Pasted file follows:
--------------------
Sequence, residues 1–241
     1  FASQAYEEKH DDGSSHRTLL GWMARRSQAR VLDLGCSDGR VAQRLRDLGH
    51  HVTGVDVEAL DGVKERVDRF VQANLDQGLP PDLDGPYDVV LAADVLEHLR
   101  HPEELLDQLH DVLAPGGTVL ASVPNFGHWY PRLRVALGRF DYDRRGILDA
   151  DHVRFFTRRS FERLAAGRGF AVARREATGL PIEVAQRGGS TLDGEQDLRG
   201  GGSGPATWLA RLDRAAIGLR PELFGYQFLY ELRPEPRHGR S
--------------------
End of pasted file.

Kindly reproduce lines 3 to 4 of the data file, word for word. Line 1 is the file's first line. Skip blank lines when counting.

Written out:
    51  HVTGVDVEAL DGVKERVDRF VQANLDQGLP PDLDGPYDVV LAADVLEHLR
   101  HPEELLDQLH DVLAPGGTVL ASVPNFGHWY PRLRVALGRF DYDRRGILDA